Economic Freedom Essays and Research Papers

Instructions for Economic Freedom College Essay Examples

Title: Friedman: Economic Freedom and Political Freedom

  • Total Pages: 4
  • Words: 1378
  • Sources:0
  • Citation Style: APA
  • Document Type: Essay
Essay Instructions: Make draft first as 4 pages separately. Focus on the relationship between economic freedom and political freedom for your main idea (not very much on the sections that talk about economic freedom being freedom). The Final paper should be 7-8 pages.(I will require it in the next week again)

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Works Cited

Friedman, Milton. Capitalism and Freedom. Chicago: The University of Chicago Press. 2002.

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Title: Environmental Laws vs Economic Freedom

  • Total Pages: 2
  • Words: 817
  • References:2
  • Citation Style: MLA
  • Document Type: Research Paper
Essay Instructions: Provide an in depth analysis on:

What is your perspective regarding environmental restrictions and economic freedom. Explain your rationale and support your view with research. Be sure to address the topics of sustainability, change management, regulation, and competition.

APA 6th edition

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Bibliography

Beder, Sharon (2006) The Changing Face of Conservation, Commodification, Privatization and the Free Market. In Lavingne, DM (ed), Gaining Ground: In Pursuit of Ecological Sustainability, International Fund for Animal Welfare, Guelph, Canada & University of Limerick, Ireland, 2006, 83-97.

Block, Walter (1998) Environmentalism and the Economic Freedom: The Case for Private Property Rights. Journal of Business Ethics 17: 1887-1889. 1998. Kluwer Academic Publishers, Netherlands. Retrieved from: http://mises.org/etexts/environfreedom.pdf

Carlsson, F. And Lundstrom, S. (2001) Political and Economic Freedom and the Environment: The Case of CO2 Emissions. Working Papers in Economics no 29. Second version August 2001. Retrieved from: http://www.efdinitiative.org/research/publications/publications-repository/political-and-economic-freedom-and-the-environment-the-case-of-co2-emissions/files/New%20Swopec%2029.pdf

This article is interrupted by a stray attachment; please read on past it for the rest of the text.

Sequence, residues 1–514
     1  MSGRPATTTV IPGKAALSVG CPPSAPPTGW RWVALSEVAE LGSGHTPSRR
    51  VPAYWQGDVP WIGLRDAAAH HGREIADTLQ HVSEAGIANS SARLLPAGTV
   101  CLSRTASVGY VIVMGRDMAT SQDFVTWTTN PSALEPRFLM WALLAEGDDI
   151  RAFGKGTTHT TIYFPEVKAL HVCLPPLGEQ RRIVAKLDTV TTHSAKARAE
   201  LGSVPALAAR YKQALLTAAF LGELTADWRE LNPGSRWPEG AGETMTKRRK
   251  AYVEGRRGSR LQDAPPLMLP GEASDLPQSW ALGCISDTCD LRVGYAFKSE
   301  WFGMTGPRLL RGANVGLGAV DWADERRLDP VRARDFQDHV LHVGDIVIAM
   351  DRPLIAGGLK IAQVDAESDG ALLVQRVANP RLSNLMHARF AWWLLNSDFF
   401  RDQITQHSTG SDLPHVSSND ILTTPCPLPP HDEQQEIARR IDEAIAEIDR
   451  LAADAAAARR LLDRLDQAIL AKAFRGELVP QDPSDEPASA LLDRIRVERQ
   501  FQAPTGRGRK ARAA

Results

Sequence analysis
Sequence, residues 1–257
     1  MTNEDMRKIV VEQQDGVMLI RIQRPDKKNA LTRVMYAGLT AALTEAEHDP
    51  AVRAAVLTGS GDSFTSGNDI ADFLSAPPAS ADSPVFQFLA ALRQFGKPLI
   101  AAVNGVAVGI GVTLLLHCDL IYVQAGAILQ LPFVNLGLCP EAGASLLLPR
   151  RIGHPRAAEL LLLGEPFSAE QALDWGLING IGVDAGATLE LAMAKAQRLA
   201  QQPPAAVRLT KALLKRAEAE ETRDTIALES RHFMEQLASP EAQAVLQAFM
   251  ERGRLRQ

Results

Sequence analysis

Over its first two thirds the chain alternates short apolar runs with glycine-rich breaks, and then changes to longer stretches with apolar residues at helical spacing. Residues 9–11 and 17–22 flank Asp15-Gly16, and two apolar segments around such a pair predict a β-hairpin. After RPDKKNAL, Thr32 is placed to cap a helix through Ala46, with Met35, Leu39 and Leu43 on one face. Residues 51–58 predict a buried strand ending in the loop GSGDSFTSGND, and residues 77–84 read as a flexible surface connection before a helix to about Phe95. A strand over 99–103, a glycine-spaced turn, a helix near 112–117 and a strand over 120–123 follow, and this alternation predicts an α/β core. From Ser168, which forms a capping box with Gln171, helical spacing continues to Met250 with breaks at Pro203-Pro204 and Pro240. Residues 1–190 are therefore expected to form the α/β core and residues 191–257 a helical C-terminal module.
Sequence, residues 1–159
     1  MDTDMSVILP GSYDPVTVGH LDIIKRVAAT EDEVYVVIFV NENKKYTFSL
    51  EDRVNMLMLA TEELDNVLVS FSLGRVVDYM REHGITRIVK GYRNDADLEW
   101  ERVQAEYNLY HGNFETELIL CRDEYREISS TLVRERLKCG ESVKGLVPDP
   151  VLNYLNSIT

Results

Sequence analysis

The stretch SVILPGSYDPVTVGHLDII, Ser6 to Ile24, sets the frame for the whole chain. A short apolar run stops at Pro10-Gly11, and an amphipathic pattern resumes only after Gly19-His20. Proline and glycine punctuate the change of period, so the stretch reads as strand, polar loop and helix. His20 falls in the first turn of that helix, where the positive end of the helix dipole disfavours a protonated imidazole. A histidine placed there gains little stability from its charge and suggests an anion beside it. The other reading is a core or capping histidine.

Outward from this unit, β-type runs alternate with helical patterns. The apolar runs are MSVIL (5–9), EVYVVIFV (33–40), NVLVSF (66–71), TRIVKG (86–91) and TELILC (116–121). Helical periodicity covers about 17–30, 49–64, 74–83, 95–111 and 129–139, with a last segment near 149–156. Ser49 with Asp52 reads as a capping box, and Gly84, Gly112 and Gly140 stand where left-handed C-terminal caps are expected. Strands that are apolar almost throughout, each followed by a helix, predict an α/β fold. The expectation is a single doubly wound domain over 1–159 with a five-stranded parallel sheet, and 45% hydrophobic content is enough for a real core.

Lee, HH, Chung, RK, Koo, CM (nd) On the Relationship Between Economic Growth and Environmental Sustainability. Retrieved from: http://www.unescap.org/esd/environment/mced/documents/materials/EG_ES.pdf

Response to the United Nations: The Freedom 21 Agenda for Prosperity (2007) Freedom 21 Coalition. September 2007. Retrieved from: http://www.epi-us.com/Freedom21.pdf

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Title: Market Behavior

  • Total Pages: 2
  • Words: 663
  • Works Cited:2
  • Citation Style: APA
  • Document Type: Essay
Essay Instructions: Market Behavior


In the Session Long Project, you are encouraged to use your own life experiences and opinions in your essays.

Keynes vs. Hayek: The Rise of the Chicago School of Economics*

Description:

Economic freedom is freedom from government intervention in the production and distribution of goods and services. After World War II, governments were trying to rebuild their economies from the ground up. They looked to the ideas of the top economists of their day for guidance. These ideas have shaped economic systems and the idea of economic freedom for many years.


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Introduction: